In an article on the Network of Global Corporate Control, Vitali, Glattfelder, and Battiston highlight the relationships between 43,000 transnational corporations. They reveal
a relatively small group of companies, mainly banks, with disproportionate power over the global economy… a core of 1318 companies [representing] 20 per cent of global operating revenues and… the majority of the world’s large blue chip and manufacturing firms… representing a further 60 per cent of global revenues’… a “super-entity” of 147 even more tightly knit companies … controlled 40 per cent of the total wealth … Most were financial institutions.
The B-20 sponsored Global Business Coalition for Education
brings the business community together to accelerate progress in delivering quality education for all of the world’s children and youth. We believe that education is the birthright of every child and the key to expanded opportunity and future employment. For companies, investing in education promotes economic growth, leads to more stable societies, fosters healthy communities and makes it easier to do business. Education spurs innovation and increases the skills of employees, the income potential of consumers and the prosperity of communities where business operates.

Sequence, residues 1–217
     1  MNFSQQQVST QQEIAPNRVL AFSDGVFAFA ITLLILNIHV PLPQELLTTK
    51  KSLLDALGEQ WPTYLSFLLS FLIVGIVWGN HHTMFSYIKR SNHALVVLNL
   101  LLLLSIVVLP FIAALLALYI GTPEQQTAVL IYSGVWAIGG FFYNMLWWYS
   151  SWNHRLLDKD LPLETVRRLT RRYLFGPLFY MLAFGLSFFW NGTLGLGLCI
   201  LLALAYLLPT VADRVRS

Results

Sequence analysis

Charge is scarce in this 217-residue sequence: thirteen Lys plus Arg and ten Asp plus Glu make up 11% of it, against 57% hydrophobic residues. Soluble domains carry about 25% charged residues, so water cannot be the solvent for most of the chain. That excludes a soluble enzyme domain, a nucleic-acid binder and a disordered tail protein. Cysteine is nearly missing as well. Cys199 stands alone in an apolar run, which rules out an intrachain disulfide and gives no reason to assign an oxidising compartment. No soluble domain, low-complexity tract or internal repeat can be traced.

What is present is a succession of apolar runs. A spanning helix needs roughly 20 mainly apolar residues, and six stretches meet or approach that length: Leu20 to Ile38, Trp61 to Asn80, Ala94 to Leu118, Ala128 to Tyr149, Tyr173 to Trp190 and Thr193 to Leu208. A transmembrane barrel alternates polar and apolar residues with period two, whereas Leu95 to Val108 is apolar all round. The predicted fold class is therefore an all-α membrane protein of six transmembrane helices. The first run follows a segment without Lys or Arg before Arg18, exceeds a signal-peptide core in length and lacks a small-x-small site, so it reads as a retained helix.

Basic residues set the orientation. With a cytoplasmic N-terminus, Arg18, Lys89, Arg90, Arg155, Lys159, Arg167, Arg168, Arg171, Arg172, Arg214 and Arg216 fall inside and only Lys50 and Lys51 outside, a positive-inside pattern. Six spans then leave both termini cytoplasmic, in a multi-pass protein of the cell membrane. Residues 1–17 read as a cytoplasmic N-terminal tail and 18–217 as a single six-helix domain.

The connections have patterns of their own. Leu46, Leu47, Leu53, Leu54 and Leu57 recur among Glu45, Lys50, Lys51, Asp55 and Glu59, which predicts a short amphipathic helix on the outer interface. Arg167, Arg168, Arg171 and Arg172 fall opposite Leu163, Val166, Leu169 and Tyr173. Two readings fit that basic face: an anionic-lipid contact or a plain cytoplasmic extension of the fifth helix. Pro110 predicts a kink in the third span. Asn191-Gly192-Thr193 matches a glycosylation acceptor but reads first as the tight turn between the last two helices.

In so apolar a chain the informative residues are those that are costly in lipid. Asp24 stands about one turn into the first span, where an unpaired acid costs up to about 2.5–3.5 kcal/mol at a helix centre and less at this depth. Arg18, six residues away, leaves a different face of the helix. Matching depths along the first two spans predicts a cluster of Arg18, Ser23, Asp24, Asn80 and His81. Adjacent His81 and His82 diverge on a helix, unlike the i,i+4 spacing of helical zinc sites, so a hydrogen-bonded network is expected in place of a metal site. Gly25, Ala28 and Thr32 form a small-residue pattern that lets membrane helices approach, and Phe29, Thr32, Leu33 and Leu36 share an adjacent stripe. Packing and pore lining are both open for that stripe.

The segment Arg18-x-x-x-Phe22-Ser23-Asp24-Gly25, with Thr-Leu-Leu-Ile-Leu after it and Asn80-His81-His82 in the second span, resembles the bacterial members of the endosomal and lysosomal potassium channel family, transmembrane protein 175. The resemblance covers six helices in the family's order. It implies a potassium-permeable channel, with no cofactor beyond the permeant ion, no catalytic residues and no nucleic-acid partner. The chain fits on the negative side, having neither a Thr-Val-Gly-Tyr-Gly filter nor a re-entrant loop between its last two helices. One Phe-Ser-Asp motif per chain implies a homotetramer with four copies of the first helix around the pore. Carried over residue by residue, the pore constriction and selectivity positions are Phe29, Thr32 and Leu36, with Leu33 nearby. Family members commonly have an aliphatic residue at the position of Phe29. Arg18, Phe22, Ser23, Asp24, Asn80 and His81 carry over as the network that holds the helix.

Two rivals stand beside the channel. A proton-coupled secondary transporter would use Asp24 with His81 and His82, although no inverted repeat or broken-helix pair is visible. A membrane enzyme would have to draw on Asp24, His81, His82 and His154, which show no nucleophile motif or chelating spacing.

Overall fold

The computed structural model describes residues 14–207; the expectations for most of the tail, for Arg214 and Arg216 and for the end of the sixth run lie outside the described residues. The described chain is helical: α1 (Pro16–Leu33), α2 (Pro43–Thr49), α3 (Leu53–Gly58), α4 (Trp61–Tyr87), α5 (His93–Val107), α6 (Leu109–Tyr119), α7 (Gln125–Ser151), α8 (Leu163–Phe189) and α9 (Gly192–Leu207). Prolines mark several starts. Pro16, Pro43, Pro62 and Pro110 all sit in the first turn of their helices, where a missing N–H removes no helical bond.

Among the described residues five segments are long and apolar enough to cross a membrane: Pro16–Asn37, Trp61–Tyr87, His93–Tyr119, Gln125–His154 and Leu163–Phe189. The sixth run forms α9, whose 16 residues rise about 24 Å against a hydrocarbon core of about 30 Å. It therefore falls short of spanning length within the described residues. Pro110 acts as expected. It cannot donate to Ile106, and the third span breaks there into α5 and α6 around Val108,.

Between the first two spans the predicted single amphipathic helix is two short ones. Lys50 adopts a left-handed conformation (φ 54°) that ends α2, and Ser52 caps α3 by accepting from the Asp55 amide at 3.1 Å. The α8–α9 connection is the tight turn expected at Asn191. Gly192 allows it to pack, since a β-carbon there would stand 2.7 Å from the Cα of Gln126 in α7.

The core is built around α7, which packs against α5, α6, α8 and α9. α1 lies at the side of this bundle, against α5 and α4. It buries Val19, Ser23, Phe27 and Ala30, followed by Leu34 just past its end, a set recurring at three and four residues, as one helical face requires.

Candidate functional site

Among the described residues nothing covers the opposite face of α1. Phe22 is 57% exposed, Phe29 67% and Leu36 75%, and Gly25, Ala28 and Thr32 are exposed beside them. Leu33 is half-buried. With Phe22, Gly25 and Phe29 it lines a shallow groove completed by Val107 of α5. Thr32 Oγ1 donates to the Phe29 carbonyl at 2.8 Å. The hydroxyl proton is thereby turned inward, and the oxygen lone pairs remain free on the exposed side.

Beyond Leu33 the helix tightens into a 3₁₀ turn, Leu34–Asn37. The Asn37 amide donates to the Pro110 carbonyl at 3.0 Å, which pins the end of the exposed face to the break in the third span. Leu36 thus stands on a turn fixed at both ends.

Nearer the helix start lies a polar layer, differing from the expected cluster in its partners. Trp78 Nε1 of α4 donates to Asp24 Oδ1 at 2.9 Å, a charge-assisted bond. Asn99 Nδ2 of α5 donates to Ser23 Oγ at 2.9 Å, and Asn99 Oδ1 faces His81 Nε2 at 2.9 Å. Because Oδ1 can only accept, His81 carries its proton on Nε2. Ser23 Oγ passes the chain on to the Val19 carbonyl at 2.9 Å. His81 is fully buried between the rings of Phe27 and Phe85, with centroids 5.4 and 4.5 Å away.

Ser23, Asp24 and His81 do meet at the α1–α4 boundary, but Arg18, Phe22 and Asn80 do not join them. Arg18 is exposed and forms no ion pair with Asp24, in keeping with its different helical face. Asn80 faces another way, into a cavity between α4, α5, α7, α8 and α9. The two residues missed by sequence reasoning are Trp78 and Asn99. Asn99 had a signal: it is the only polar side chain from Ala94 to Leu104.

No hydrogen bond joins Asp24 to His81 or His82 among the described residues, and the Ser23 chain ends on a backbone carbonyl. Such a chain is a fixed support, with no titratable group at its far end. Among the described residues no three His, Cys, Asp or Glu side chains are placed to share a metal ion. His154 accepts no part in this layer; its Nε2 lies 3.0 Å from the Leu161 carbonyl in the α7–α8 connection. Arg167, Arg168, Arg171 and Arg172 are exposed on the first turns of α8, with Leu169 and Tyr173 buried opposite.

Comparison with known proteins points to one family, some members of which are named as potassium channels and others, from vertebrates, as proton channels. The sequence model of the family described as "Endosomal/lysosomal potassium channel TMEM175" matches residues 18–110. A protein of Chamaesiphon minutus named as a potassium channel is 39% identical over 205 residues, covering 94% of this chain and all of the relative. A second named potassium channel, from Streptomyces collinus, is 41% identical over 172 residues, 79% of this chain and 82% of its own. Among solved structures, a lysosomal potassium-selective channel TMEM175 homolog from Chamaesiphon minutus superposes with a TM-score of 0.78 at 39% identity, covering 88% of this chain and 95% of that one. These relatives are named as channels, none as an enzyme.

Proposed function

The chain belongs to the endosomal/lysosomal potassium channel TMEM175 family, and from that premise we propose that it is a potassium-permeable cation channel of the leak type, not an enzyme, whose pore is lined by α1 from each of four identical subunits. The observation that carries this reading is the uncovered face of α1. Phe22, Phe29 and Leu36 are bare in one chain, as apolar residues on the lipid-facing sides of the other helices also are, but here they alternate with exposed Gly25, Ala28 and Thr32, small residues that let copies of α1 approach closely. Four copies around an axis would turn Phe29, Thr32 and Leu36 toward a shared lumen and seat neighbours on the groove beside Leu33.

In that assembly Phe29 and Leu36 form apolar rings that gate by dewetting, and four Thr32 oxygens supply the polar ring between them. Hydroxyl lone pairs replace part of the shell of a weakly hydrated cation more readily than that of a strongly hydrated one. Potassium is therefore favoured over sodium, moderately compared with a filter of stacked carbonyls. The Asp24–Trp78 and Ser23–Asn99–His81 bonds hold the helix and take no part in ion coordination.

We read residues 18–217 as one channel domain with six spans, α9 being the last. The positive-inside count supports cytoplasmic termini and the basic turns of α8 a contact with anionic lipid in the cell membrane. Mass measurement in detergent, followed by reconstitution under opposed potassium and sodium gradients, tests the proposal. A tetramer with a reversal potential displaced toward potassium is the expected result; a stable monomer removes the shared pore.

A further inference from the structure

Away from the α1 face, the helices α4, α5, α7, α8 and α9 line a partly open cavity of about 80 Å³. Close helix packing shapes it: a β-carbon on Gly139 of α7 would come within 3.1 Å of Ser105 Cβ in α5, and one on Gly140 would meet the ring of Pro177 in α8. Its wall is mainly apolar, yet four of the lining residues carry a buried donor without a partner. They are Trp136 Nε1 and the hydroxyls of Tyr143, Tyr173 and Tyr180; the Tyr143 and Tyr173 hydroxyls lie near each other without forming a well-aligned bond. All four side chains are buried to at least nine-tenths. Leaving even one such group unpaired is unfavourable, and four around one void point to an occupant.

The b20 believes that business has an important role to play in rebuilding trust and helping to address key global issues. Today’s challenges are too large, too complex and too interrelated to be solved by governments – even by those belonging to the g20 alone. We all have to play our part.